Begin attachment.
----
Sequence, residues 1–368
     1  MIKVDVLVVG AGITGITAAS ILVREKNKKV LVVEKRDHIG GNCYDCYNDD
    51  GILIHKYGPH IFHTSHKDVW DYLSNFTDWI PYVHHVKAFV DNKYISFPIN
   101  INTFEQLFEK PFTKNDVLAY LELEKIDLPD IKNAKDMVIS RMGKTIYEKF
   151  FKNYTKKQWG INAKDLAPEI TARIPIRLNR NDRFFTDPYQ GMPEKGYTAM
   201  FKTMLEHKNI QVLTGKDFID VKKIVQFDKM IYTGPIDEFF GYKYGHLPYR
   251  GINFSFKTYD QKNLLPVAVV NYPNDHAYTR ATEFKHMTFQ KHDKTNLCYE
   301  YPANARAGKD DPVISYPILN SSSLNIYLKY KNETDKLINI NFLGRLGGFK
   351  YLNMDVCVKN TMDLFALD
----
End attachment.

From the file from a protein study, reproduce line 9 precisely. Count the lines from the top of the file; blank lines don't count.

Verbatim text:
   351  YLNMDVCVKN TMDLFALD